Swan One Design produces close, exhilarating racing

Swan One Design

Sail Racing PalmaVela, organised by the Real Club Nautico de Palma, is the first, big multi-class regatta of the Mediterranean season and, as such, is a highly competitive affair carrying great kudos. Some 134 entries and over 1,500 crew from 26 nations contested the 2018 event. For the Swan One Design contingent of 17 yachts, the 15th edition of this spring tradition formed the second event in The Nations Trophy Mediterranean League 2018.
The time of year may be associated with new life, but it was some perennial performers that stamped their mark on the event. European Champions, Earlybird, secured ClubSwan 50 and Christian Plump’s Swan 45 Elena Nova won here for the sixth time. Massimo de Campo’s ClubSwan 42 Selene Alifax bucked the trend, more in keeping with the season, by winning a first major Swan One Design contest. In the battle for top nation, Germany were the clear winners with Earlybird and Elena Nova proving a formidable combination.
The next event for Swan One Design classes competing for The Nations Trophy Mediterranean League is the three-day inshore series at the Rolex Giraglia in Saint-Tropez, from 9 to 12 June.

Swan One Design

ClubSwan 50

Brandis and Earlybird led the class from start to finish. It was an authoritative performance. Only a minor dip in consistency allowed Swiss contender Mathilde to run them close; two points separating the two boats at the end of the eight-race series, which included one coastal race. Arguably Morten Kielland’s Mathilde deserved better after a burst of three wins in four races so comprehensively reduced the nine-point halfway deficit.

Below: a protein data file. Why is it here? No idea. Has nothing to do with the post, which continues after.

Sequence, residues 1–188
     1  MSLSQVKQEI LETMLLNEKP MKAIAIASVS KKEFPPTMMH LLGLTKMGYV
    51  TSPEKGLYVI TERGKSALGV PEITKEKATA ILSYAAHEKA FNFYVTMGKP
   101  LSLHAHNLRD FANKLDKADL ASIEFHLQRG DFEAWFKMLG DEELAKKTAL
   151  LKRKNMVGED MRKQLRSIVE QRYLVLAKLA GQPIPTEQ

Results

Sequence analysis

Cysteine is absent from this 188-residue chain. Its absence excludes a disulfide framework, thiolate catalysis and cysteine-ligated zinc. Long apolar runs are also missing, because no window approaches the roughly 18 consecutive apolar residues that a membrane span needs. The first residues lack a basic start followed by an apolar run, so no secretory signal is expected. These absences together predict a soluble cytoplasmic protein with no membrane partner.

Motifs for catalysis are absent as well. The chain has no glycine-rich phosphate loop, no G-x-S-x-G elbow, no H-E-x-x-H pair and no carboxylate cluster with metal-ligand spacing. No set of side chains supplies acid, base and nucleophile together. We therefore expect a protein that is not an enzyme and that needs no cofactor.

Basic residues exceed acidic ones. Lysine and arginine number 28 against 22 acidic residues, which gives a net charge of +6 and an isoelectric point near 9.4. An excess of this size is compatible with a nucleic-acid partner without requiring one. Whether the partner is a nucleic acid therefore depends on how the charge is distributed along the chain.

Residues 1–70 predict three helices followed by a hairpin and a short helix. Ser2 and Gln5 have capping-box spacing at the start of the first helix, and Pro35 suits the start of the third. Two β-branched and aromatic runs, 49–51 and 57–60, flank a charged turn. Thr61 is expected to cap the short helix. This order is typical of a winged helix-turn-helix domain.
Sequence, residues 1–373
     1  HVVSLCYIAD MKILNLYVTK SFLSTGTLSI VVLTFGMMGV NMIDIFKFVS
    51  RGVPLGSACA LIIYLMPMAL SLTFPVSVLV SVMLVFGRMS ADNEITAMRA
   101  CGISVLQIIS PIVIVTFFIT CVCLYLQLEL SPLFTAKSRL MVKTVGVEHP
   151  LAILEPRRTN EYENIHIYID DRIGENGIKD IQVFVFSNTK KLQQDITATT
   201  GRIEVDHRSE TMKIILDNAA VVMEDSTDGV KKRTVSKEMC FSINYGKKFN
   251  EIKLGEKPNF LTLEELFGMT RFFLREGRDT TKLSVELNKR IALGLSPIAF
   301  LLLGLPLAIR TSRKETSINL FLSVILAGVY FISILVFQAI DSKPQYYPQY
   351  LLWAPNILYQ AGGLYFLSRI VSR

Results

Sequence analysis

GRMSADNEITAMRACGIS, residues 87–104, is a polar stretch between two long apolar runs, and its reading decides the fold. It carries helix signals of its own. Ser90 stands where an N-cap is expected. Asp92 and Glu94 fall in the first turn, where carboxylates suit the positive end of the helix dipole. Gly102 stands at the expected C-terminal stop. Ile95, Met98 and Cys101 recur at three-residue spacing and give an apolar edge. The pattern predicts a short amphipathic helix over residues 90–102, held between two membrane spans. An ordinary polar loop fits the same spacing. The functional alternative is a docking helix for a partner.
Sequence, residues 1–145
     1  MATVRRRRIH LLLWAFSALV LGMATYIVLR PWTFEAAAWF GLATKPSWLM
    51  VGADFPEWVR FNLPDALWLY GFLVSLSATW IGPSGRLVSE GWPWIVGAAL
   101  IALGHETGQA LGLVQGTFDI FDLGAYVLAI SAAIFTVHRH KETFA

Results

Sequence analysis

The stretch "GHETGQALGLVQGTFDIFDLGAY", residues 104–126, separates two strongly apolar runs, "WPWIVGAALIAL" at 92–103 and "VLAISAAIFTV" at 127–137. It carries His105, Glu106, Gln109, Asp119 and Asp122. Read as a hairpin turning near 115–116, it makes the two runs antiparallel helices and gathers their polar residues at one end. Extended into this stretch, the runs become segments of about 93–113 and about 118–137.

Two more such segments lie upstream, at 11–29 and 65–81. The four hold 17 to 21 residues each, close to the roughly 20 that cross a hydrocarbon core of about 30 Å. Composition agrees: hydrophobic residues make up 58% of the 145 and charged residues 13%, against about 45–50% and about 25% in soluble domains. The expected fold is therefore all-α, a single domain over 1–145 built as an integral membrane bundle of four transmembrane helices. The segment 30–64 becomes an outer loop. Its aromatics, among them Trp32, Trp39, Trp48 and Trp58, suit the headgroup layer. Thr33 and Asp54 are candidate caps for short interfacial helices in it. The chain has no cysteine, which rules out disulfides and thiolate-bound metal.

Four of the seven ClubSwan 50s scored wins during the four days of racing, and only one failed to post a top three result confirming the close-fought nature of the competition. Cameron Dunn, tactician on Onegroup (Germany, third overall), was enthusiastic, “The class is awesome. The boats seem really even. That is what you want. The racing is even, the boats are cool.”
The Earlybird crew maintained control adhering to a strategy of sailing solid, simple and safely to ensure high average results. They led by six points going into the final race and looked good to retain the PalmaVela title they won in 2017. A fifth place in the last race had the crew sweating. Majorcan Manu Weiller, deputising for Jochen Schümann as tactician, was aware of the slim margin at the end: “It was such a challenging way to finish. We had to sail very safely and not be last, which in this fleet is not that easy. The only way to do that is to attack and sail well.” 
Brandis was delighted with his victory and is looking forward to the remainder of the season: “It feels great to have won. The sailing here was a bit wet as the weather conditions were very unexpected! It was tricky, shifty and light. We are glad to have made it through winning the event. The key to this type of event is about having fun; enjoying the week regardless of winning or not. In my experience, if you have fun the likelihood of winning is much higher.” Brandis’ next target in The Nations Trophy Mediterranean League is back in Palma for the Copa del Rey Mapfre in July and his season will close in Sardinia with the Rolex Swan Cup and the first ever ClubSwan 50 World Championship.